We agree with the District Court that, however objectionable, Labella's slap and grab did not amount to a seizure and so Fields' constitutional rights were not implicated in the altercation.4 After he was slapped and, by his own account, briefly grabbed, Fields freely moved away from Labella to complain to Reilly and thus plainly did not understand himself to have been seized by Labella. See Shuman ex rel. Shertzer v. Penn Manor Sch. Dist., 422 F.3d 141, 147 (3d Cir. 2005) (“A seizure occurs for Fourth Amendment purposes when ‘a reasonable person would have believed that he was not free to leave.’ ” (quoting Michigan v. Chesternut, 486 U.S. 567, 573 (1988))).
Because Fields' guilty plea establishes that the officers had probable cause to arrest him, the only remaining question is whether their use of a Taser to subdue him was objectively reasonable. We agree with the District Court that it was. Factors to be considered when assessing the reasonableness of an officer's use of force include the severity of the crime, whether the suspect posed an immediate threat to public safety, and whether the suspect was actively resisting or evading arrest. See Graham v. Connor, 490 U.S. 386, 396 (1989). Here, incident to a valid arrest supported by probable cause, the officers faced an individual who had just made gestures at the officers that could reasonably be viewed as threatening and who had resisted the officers' attempt to peaceably place him under arrest. Under the circumstances, the Tasing was reasonable because it was proportional to the need for force, especially in light of Fields' active resistance of arrest.
Fields does not address the reasonableness of the officers' conduct at the time of the Tasing (after Fields made moves towards Labella and resisted arrest), but instead principally argues that the District Court erred by separately considering the slap and the Tasing, because Fields' conduct at the end of the encounter can only be understood in light of Labella's provocation at the start of the encounter. Citing Billington v. Smith, 292 F.3d 1177 (9th Cir. 2002), Fields asserts that Labella's provocation “in committing a battery upon the person of Mr. Fields, created an atmosphere that was so toxic that the violence that occurred later was an inevitable consequence.” Fields Br. 26. Thus, for instance, Fields' analysis of the Graham factors relies upon the circumstances as they existed at start of the encounter, when Fields had yet to commit a crime, had not resisted arrest, and posed no threat to the officers. See id. at 27. Unsurprisingly, this analysis yields the conclusion that the officers acted unreasonably in Tasing a non-resisting individual whom they had no probable cause to arrest in the first place.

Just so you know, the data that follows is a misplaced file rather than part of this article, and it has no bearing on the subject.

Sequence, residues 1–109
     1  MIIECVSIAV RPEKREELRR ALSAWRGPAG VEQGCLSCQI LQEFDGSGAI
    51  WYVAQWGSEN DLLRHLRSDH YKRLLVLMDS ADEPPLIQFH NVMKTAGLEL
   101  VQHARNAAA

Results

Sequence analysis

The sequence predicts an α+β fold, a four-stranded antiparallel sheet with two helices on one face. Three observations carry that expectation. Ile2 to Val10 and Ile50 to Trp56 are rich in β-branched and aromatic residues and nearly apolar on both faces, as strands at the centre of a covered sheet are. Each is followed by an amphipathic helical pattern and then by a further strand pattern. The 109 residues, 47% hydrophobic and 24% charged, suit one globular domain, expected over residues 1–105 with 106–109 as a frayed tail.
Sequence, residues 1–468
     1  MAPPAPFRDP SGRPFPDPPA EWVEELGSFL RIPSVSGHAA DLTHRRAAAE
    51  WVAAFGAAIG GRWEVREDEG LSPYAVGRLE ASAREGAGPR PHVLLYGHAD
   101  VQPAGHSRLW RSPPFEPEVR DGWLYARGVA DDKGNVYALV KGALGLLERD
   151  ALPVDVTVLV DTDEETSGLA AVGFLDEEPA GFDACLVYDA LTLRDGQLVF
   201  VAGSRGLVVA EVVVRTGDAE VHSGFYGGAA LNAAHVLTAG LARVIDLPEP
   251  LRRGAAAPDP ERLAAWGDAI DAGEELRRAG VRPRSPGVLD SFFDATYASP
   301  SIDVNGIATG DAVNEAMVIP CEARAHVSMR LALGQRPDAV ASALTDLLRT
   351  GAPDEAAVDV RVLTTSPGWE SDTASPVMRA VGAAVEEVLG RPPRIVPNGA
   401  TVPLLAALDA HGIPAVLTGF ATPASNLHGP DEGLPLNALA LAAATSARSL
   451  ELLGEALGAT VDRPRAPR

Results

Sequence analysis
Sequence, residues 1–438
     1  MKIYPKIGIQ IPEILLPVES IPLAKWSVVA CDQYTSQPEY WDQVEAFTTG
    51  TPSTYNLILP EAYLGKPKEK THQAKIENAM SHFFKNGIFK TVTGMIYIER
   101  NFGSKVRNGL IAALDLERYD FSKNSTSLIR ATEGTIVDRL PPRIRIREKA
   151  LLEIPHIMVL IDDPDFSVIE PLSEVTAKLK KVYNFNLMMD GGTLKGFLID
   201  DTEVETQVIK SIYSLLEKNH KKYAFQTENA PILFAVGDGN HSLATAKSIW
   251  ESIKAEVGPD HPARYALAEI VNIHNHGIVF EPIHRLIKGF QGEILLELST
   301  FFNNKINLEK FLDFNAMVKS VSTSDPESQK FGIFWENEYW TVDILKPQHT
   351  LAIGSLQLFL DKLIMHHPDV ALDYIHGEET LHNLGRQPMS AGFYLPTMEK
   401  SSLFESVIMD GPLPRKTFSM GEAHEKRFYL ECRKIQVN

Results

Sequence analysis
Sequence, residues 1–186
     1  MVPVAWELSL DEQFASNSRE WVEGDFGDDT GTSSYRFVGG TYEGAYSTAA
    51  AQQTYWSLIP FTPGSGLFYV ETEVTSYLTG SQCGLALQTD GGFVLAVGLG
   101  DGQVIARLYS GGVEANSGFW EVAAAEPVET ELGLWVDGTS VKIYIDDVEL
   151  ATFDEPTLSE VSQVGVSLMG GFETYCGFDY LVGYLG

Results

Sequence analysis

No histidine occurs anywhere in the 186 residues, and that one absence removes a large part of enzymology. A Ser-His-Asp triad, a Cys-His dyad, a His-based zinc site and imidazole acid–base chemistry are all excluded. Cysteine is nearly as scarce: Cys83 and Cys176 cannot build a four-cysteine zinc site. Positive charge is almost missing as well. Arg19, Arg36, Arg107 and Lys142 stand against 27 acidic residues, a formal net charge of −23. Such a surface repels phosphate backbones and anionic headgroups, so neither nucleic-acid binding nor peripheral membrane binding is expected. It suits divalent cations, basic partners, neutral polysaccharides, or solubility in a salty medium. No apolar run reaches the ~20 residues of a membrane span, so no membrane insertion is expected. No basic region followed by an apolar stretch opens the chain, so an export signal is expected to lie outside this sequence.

Although the Court has little doubt that Fields' understandable anger lingered throughout the encounter and played a role in his response to his arrest, the inquiry is not whether Fields' actions were reasonable, but rather whether the officers' responses were reasonable under the circumstances, considering the situation they were facing. Cf. Johnson v. City of Philadelphia, 837 F.3d 343, 353 (3d Cir. 2016) (holding that the Fourth Amendment “does not oblige an officer to passively endure a life-threatening physical assault, regardless of the assailant's mental state”). On that score, the Supreme Court has expressly rejected the “provocation” rule established in Billington, and has reiterated that “[a]n excessive force claim is a claim that a law enforcement officer carried out an unreasonable seizure through a use of force that was not justified under the relevant circumstances. It is not a claim that an officer used reasonable force after committing a distinct Fourth Amendment violation ․” Mendez, 137 S. Ct. at 1547. Here, where Labella's provocation was not even an independent Fourth Amendment violation, it cannot be used to render improper a later-in-time and otherwise valid use of force.